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What should HR do if an employee gets a second job?

Employment lawyer Isobel Goodman said HR teams must be equipped to handle the trend of additional employment -

As the cost of living crisis continues to squeeze employees, second jobs are on the up. What are HR’s obligations?

More than one in three adults in the UK, or 20 million people, now have multiple incomes, according to research by the service provider Utility Warehouse.

By 2025, the research estimates, 47% of the UK’s adult population could be earning an extra income, compared with less than 10% in 2017.

Read more: Side hustles on the rise as cost of living crisis continues

Second jobs can range from ‘moonlighting’, typically a second job done in secret and after normal working hours, to side hustles, which are generally freelance or piecework in nature, providing a supplemental income. Some employees have even been known to work two full-time jobs at once.

Isobel Goodman, associate in the employment team Charles Russell Speechlys, said that HR teams must be equipped to handle this trend.

She told HR magazine: “The influx of multiple jobs is driven by the cost of living crisis and it’s something we’ve seen for a while. However, it’s important to distinguish between when this is permitted under an employee’s contract and when it's a matter of employer discretion.”

Regulations around second jobs start with the employment contract, which sometimes will include a contractual term that prevents an employee from taking on a second job.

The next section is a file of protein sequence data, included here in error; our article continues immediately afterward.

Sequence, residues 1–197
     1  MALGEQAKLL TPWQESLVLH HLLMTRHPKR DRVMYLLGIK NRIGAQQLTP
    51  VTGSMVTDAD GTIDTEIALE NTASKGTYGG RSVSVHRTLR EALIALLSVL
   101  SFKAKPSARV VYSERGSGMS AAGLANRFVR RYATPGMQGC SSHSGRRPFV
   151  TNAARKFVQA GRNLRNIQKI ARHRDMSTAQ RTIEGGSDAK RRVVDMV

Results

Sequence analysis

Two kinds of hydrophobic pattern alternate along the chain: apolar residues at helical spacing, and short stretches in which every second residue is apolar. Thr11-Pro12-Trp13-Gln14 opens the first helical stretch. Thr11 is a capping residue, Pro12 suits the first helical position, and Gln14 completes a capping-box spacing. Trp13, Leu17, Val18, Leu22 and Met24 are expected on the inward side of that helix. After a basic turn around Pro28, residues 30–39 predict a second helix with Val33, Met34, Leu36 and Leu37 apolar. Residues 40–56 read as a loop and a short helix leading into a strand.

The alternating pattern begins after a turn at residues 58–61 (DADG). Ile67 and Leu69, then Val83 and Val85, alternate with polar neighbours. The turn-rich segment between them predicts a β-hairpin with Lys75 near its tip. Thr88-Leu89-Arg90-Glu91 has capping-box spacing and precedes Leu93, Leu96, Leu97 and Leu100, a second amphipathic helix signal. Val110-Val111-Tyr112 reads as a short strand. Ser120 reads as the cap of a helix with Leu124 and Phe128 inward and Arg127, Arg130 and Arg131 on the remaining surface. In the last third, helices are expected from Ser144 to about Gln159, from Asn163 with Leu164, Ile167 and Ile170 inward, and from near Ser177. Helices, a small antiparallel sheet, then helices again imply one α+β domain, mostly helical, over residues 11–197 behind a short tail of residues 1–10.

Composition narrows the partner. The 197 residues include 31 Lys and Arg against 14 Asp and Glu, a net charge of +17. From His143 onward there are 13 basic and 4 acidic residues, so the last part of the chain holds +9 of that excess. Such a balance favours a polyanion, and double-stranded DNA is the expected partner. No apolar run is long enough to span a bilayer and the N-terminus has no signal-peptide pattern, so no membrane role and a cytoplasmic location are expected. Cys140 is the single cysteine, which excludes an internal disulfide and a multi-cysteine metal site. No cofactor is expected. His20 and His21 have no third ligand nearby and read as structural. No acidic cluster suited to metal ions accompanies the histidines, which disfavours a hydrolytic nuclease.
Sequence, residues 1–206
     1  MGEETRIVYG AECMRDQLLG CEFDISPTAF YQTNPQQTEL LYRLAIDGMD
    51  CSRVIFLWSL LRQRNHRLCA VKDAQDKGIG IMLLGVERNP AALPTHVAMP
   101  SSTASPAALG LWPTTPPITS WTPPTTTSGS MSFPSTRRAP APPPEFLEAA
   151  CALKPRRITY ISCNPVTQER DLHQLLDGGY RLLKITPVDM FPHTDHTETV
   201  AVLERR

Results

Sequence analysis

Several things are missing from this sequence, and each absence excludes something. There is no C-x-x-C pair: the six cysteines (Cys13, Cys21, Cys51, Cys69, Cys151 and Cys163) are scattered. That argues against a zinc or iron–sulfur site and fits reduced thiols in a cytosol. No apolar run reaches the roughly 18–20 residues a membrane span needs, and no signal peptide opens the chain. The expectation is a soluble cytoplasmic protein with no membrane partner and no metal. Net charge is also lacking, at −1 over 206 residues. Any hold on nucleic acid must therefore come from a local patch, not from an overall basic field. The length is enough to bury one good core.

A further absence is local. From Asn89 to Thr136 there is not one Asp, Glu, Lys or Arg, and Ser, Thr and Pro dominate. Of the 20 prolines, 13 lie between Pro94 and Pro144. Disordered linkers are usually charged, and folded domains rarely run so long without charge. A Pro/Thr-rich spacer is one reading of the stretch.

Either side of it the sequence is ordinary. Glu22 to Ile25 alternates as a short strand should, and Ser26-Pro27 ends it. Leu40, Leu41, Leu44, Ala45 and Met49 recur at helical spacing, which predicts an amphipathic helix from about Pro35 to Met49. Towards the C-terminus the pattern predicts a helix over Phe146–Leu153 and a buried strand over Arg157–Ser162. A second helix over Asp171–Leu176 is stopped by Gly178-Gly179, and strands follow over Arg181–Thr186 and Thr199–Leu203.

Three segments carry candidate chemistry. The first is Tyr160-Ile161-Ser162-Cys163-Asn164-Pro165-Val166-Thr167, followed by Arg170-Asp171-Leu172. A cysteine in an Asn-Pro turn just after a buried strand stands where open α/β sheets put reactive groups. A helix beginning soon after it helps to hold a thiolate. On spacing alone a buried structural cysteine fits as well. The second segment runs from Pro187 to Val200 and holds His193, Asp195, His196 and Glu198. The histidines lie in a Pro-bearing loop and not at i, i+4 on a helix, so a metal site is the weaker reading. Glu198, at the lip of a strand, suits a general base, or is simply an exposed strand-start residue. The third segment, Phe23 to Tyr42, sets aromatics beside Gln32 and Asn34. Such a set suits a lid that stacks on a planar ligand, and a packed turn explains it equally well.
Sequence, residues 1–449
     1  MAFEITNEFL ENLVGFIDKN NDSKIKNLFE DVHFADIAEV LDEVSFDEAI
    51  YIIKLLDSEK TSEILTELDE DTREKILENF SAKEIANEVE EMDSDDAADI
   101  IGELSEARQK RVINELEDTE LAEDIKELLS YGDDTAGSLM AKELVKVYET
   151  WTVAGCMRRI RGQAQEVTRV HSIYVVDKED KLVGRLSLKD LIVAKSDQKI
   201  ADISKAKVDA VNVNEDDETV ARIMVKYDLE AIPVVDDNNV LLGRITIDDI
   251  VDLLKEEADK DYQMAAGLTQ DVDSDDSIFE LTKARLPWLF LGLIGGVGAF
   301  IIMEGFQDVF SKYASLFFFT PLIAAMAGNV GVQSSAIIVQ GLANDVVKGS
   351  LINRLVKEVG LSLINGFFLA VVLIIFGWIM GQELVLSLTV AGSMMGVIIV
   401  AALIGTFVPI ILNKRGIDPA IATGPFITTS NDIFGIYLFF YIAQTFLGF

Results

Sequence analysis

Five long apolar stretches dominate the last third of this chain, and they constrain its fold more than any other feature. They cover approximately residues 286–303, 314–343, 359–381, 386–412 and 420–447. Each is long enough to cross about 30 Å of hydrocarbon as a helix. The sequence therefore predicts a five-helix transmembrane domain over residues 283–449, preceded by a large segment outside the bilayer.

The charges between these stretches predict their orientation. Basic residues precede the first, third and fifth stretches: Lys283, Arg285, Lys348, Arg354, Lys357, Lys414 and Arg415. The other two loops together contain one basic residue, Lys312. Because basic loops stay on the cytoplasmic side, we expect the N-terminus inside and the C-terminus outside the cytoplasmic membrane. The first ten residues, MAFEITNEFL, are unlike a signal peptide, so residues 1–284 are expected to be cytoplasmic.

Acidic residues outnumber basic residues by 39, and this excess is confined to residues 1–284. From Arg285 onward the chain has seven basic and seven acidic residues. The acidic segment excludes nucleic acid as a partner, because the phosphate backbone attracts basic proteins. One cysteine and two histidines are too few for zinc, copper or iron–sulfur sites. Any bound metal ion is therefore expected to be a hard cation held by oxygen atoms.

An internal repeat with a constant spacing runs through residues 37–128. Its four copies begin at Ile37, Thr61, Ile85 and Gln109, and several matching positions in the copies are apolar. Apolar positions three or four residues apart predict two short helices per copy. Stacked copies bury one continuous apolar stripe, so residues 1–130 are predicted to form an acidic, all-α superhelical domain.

Goodman said: “In some contracts, there might be a term prohibiting a second job, but some contracts have a term which allows employees to take on additional employment, with a caveat that they may need to notify the employer or get consent from the employer to do so.”

She added one of the biggest risks of employees having multiple jobs is performance and productivity issues.

“If employees are tired and fatigued by the extra work, they’re likely to make mistakes in their primary jobs. Tiredness can also lead to health and safety issues if the job involves operating heavy machinery or driving.”

Employers should also ensure that the employee’s second job does not breach working time regulations, which stipulate employees should not work for over 48 hours a week.

Goodman said: “Employees must sign an opt-out agreement if they have to work more than 48 hours a week. If they’re working a second job in secret, there's a risk they haven't done so, which would put the employer in breach of regulations.”

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Other concerns include confidentiality and competition law.

“If the second job is in the same or an adjacent industry, confidential information could be leaked to a secondary employer. Also, if the employee is doing additional work for a competitor, this could breach their contract or create a conflict of interest.”

Goodman said while there is no standard policy for moonlighting, HR should refer back to employment contracts and prioritise transparency, to avoid potential safety, productivity or compliance issues.

“If employers are allowing second jobs, there is no one size fits all policy. However, it is much better to encourage an open and honest culture to limit the HR risks that could arise. A situation when an employee is working a second job in secret is the most likely to cause a disciplinary or breach of working time regulations.”